5 Replies Latest reply on Apr 13, 2017 1:36 PM by Lukas Müller

    pressure drop for fan design

    Lukas Müller

      Hi there,

       

      I have a model which is a quit complex building of pipes, which are in parallel and in serial and in additional with some flow resistance (ellbows and so on). At the end I have a outlet-lit, which represents a fan.

      Now I like to get the pressure drop at this lit, so I can choose the proper fan in reality.

      On the otherside of the model, I have some other lits (which represents several inlets to the parallel pipes, and opened to the ambient surrounding).

       

      By now I tried to use following setup:

      - internal analysis

      - fluid: air; laminar and turbulent

      - adiabatic wall; roughness 10 µm

      - standard thermodynamic parameters; no velocity

       

      this boundary condition:

      - Inlet lit: ambient pressure

      - outlet lit: constant flow rate

       

      and this goals:

      - total pressure at inlet and outlet

      (here I am not sure, if I choosed the proper pressure (static?), and do I need to set a velocity goal as well, since this is a significant value for the pressure?)

       

      in the next step, i vary the flowrate to create a pressure - flowrate - chart (the characteristic curve of that model).

       

      I never expected to get a value which corresponds to 100 % to the real measurement.

      But as I now measured, it doesn`t correspond at all.

       

      So what kind of mistake did i make?

      Where is my logical failure?

       

      Thanks in advance.

        • Re: pressure drop for fan design
          Mark Keown

          You have outlet a constant flow rate.  This means no matter what the flow resistance is the flow rate will be the specified value.

          Use the Fan command and key-in the fan curve from the fan manufacture.  Insure that you provide proper piping before and aft of the fan.

          I think what you are looking for is your system resistance (correct me if not correct).  If the system resistance is determined then you can read any fan curve and determine the best fan for your application.  OR if the fan is fixed the piping can be changed to reduce flow-resistance and in turn move more heat...

            • Re: pressure drop for fan design
              Amit Katz

              Lukas, I think you are on the right track but your methodology is flawed. If you set a flow rate at the outlet, and ambient conditions at the inlet, you will not see the correct pressure distribution. This is because the "outlet flow" condition has a set thermodynamic state, which means your pressure and temperature are constant. By default they will be at the ambient conditions defined in your project options.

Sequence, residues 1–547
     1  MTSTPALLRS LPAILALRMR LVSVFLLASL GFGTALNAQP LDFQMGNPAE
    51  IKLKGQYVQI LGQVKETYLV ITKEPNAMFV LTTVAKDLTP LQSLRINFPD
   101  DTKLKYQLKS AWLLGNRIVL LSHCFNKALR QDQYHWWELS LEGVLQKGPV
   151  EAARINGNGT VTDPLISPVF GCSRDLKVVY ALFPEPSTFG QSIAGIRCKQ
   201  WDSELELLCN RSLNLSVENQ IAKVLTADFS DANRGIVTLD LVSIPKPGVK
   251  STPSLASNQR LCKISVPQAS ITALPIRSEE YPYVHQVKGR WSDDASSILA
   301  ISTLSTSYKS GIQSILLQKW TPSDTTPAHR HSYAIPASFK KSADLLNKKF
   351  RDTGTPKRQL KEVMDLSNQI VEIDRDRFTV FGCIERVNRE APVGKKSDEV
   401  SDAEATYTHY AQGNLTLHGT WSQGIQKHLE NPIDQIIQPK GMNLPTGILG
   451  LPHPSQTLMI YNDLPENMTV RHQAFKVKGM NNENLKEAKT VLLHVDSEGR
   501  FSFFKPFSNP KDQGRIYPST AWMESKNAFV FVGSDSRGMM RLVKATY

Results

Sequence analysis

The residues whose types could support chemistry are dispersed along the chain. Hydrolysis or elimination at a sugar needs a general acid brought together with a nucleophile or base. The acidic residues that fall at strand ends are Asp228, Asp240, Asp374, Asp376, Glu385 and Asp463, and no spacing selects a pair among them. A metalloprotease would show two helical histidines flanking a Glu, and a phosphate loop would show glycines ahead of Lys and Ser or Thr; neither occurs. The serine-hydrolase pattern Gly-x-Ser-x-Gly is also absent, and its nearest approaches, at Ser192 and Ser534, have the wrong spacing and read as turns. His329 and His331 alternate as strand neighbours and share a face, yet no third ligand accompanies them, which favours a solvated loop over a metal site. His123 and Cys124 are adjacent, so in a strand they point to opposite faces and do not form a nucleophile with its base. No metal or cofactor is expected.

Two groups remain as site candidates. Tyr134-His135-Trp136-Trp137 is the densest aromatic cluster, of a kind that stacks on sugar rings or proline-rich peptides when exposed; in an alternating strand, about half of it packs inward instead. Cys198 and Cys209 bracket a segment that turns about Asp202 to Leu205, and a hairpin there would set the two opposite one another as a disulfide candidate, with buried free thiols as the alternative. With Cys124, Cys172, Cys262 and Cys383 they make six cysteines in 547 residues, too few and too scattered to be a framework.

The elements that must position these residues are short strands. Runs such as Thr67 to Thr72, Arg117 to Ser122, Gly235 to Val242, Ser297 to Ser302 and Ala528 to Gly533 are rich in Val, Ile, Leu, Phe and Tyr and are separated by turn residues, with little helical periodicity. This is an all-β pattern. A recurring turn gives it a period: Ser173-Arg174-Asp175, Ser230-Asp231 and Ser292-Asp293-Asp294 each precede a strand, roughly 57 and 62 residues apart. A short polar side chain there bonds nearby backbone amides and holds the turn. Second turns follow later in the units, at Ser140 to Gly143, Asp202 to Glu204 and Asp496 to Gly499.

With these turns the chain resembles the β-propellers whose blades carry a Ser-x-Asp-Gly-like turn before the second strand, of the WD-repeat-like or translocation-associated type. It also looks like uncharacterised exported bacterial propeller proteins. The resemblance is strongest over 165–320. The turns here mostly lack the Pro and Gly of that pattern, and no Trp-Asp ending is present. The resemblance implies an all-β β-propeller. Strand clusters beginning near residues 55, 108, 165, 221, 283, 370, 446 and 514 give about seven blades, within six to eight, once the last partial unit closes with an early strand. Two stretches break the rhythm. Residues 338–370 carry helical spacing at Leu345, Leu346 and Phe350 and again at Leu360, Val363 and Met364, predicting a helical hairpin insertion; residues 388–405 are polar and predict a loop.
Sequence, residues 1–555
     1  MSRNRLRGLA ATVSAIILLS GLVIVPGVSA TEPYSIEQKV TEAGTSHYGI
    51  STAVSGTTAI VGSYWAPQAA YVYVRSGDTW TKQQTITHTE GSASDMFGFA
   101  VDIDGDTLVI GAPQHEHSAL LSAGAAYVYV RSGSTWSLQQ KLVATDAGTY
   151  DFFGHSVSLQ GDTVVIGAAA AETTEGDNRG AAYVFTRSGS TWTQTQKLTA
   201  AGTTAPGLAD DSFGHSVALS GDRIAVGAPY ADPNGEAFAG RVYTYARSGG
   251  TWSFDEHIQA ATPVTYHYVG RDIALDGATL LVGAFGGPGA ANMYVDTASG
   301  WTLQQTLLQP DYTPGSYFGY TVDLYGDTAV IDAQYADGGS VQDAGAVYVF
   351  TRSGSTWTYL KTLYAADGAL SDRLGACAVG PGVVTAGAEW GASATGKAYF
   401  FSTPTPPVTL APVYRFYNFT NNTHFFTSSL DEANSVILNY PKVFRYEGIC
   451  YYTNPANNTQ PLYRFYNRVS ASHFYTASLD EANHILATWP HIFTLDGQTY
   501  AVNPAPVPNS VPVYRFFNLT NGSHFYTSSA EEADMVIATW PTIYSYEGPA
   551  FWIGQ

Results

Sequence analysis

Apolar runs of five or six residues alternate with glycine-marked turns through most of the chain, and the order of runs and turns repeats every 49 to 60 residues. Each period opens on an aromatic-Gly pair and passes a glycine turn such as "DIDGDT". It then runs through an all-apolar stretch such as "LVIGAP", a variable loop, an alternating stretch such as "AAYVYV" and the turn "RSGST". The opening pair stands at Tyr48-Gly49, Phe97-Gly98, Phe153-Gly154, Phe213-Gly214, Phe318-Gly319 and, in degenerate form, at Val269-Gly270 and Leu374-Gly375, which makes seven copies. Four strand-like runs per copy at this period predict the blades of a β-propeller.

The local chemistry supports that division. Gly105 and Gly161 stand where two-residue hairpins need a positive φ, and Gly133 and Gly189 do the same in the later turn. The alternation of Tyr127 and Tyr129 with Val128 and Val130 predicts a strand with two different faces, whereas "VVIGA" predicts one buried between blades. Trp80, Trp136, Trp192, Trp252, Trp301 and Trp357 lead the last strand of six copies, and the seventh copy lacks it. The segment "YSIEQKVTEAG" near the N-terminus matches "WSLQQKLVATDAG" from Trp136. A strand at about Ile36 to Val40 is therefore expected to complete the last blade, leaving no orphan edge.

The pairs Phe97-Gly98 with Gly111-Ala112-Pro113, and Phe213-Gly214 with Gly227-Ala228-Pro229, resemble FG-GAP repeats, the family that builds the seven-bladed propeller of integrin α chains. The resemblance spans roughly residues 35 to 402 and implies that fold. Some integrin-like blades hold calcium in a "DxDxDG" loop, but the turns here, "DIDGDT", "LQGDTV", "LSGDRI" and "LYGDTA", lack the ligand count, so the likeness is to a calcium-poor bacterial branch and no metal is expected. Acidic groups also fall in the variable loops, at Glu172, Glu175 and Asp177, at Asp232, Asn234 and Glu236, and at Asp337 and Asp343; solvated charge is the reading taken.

What you should do is define an outlet static pressure (below ambient of course.) Then as your goal you should measure the flow rate. This way you should be able to build a resistance relationship for your piping.

               

              By the way, I must say that Flow Sim is not the best tool for pipe systems. If you can justify the cost I would recommend looking at 1D flow network analysis software such as Macroflow: http://inresllc.com/products/macroflow/overview.html

                • Re: pressure drop for fan design
                  Lukas Müller

                  hi,

                   

                  thank you both for your reply. And I`m sorry for my late answer...

                  @mark, you are right, I like to have the system resistance. But as the model is quite complex, a specified fan curve leads to some simulation errors (probably wrong start conditions...)

                   

                  @Amit, thanks for your explanations.

                  If I define a static pressure at the outlet, i must have a defined flow rate at the inlet (or haven`t I?). Since my model has several inlet, where I don`t know the specified flow rate, I cannot define a flow rate at the inlet...

                  If I remember properly, I cannot have a pressure in- and outlet?

                    • Re: pressure drop for fan design
                      Alex Clarke

                      You can apply inlet flow rate to multiple faces as a single boundary condition, I haven't done it before, so would recommend setting up some surface goals to check that the distribution is correct.

                        • Re: pressure drop for fan design
                          Lukas Müller

                          Thank you for your response, but actually I don`t like to specify the flowrate-distribution, because I don`t know it.

                          By now I tried to set a static pressure outlet and an ambient pressure inlet, and measure the outlet flowrate.

                          By that I get a pressure - flowrate - relationship. But I am afraid, that`s a wrong one, since I need to have the sum of the dynamic pressure loss over the entire flow path.

                           

                          That leads me to my next question:

                          Is there a way to determine the dynamic pressure loss or discharge coefficient over the entire flowpath?